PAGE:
In Joshua 24, Joshua himself tells the people to choose whether they will worship their old gods, or YHWH, who had loved and saved them. As for him and his house, they would serve the LORD.
The people agree to do the same as Joshua. Joshua responds by saying they think they can, but they cannot. They will fail, because God is a jealous God.
In Sunday School I learned today something of what Joshua meant when he said those words.
No god, before that time, had ever been jealous.
The people of Israel had some history in Babylon, lots of history in Egypt, and a growing history of Canaanite religions in their toolbags. They knew the gods. They were men of the world, and they knew how things worked. What's more, Joshua knew they knew.
Today, if you want your car fixed, you go to a mechanic. If you want your back fixed, you go to a chiropractor. If you are having allergies, you go to CVS and pick up some Benadryl. In each case, you provide the same things: you describe your need, you lay down some money, you go out and do something with the guidance you receive.
In Joshua's day, if you wanted a good crop you offered a part of your dinner to the god of crops. If you wanted children you made a larger offering to the fertility god. If you were headed out to battle you offered something huge to the god of war. The gods of storms, of sun, of rivers were the CVS, the Well Fargo Bank, and the 401k's of their time. You went to the appropriate god, laid down something of value to the god, and went out to do the things the god would bless.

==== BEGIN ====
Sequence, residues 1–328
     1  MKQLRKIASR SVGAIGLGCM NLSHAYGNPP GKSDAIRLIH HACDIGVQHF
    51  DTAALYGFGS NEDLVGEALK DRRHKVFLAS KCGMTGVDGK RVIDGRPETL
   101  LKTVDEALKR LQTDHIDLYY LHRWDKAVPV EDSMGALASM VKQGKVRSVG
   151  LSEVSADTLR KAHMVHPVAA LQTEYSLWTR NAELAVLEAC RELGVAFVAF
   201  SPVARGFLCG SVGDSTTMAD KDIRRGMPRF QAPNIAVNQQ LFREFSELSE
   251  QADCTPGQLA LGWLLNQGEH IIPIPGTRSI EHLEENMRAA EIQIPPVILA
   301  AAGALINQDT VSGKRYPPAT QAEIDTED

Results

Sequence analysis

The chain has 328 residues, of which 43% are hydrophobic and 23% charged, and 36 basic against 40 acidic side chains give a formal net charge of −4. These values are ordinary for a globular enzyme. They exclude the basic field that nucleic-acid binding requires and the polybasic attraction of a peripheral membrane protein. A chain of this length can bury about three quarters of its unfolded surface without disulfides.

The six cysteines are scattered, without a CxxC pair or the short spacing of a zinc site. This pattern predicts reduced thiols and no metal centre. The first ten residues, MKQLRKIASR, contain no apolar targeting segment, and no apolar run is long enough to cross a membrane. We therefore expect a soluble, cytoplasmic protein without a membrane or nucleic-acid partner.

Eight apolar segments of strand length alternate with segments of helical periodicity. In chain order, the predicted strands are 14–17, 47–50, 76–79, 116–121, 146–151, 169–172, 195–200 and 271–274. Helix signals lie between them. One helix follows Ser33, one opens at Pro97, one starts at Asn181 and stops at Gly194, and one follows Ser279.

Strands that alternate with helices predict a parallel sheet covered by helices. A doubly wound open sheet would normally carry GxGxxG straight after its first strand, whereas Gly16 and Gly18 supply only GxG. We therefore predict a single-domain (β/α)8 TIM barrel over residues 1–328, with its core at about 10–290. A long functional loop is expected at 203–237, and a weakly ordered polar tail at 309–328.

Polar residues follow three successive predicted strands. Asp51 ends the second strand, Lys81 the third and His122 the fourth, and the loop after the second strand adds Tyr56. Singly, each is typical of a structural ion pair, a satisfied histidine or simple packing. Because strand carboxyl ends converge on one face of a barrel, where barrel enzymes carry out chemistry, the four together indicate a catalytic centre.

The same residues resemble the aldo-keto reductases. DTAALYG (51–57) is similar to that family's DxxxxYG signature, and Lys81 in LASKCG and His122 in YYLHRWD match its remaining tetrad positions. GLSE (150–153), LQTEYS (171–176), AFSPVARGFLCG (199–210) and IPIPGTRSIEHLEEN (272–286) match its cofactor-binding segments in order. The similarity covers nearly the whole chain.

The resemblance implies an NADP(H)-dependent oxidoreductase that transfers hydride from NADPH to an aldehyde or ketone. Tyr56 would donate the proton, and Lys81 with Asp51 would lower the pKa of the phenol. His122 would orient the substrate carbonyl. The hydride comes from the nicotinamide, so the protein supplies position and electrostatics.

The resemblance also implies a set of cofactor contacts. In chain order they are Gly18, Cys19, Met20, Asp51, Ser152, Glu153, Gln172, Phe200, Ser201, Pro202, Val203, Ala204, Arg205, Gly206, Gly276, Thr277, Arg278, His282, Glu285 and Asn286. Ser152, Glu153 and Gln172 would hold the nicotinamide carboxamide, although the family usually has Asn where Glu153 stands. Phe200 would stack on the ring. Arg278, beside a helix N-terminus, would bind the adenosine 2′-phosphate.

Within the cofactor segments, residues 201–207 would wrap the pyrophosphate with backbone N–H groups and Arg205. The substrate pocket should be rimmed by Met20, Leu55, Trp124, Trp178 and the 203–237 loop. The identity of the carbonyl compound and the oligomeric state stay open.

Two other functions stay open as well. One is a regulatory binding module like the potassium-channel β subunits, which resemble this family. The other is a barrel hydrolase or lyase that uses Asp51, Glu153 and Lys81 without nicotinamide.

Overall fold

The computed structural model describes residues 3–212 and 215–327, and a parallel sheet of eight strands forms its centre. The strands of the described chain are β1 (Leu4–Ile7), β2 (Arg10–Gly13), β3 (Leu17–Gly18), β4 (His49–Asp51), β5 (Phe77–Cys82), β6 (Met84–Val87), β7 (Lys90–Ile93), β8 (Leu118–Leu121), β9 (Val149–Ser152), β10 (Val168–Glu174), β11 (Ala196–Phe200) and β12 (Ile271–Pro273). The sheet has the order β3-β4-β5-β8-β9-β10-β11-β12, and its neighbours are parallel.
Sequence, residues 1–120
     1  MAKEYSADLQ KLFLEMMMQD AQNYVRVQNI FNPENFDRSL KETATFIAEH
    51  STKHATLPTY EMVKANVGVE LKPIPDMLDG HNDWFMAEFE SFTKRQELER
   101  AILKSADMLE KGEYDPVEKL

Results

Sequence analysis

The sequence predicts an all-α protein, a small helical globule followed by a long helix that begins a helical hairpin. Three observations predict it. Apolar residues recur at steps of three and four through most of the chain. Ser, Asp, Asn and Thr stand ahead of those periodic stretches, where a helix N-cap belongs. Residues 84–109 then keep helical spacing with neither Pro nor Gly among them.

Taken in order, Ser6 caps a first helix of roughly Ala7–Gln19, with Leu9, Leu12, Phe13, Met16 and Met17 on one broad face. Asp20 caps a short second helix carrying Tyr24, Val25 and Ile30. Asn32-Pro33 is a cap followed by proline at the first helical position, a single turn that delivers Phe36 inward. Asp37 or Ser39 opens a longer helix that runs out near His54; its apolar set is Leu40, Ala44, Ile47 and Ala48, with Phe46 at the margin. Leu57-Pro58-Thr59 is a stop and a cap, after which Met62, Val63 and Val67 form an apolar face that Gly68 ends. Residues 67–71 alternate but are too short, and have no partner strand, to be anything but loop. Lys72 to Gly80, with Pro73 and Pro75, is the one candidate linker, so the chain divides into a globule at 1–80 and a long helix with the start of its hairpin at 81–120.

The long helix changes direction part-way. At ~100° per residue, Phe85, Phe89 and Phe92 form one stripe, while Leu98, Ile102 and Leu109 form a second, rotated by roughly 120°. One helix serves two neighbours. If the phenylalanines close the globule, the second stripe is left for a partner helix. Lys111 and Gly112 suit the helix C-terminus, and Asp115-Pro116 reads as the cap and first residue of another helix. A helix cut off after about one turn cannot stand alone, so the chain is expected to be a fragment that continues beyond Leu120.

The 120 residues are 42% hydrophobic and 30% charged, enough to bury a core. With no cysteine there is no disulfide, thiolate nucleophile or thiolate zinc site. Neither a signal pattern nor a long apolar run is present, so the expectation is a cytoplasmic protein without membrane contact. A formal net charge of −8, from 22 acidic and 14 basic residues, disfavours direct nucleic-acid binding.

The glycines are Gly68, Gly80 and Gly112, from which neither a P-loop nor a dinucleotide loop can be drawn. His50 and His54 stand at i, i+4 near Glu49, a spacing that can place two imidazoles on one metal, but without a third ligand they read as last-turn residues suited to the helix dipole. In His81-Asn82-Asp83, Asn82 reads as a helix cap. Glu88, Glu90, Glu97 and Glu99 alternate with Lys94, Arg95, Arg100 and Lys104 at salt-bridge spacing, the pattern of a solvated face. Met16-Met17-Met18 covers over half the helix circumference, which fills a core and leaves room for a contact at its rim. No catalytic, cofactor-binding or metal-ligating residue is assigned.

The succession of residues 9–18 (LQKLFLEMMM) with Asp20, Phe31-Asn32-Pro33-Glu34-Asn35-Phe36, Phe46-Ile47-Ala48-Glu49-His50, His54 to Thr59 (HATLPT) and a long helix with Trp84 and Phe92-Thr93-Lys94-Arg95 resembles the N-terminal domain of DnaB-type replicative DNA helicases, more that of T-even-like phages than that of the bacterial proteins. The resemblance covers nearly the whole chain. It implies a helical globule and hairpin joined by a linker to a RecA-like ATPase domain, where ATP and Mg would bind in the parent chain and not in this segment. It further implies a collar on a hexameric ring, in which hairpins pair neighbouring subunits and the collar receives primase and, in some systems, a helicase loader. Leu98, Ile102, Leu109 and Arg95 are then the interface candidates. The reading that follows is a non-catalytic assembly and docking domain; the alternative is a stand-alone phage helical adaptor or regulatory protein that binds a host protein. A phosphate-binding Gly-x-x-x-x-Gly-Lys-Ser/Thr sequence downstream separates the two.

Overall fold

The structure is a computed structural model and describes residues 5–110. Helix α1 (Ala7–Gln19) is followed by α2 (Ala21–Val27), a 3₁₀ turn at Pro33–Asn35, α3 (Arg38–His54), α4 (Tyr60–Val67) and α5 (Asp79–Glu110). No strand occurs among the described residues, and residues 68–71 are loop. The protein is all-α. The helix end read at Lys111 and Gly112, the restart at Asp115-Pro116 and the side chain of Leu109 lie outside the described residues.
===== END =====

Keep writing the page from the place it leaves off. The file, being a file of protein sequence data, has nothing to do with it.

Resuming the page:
None of those gods was jealous. No more than CVS is mad when you put money in your 401k, or Wells Fargo hates when you visit your mechanic, did Ba'al hate when you offered good things to Astarte. Dealings with the gods were business. The gods had needs and so did the people, so one could scratch their backs and hope they would scratch happily back in the right place. Joshua told the people YHWH was like some giant amazon.com in the sky offering every service, in the midst of the great economy of gods, and if they transacted with any god but YHWH he would destroy them. YHWH was jealous.
Joshua's words were so foreign the people quickly agreed to them without even noticing they had no idea what he was talking about. The Book of Judges reveals just how short the people fell from understanding what they affirmed.
I think we find ourselves in the same situation.
The Holy Spirit has promised to guide us into all truth, but we mingle our ideologies. Confronted with a ballot, we consult the god of capitalism for guidance, the god of socialism, the gods of Wall Street and Pennsylvania Avenue. We hear the multiplied voices of those who decry abortion or gun violence screaming in our ears, and we seek out the right crowd to follow.
Jesus warns us broad is the way and many are those who travel in it.
Today, in this environment, I'm not sure yet I understand Jesus or the guidance of his Holy Spirit any better than those enthused Israelites who knew exactly the right words to shout to Joshua.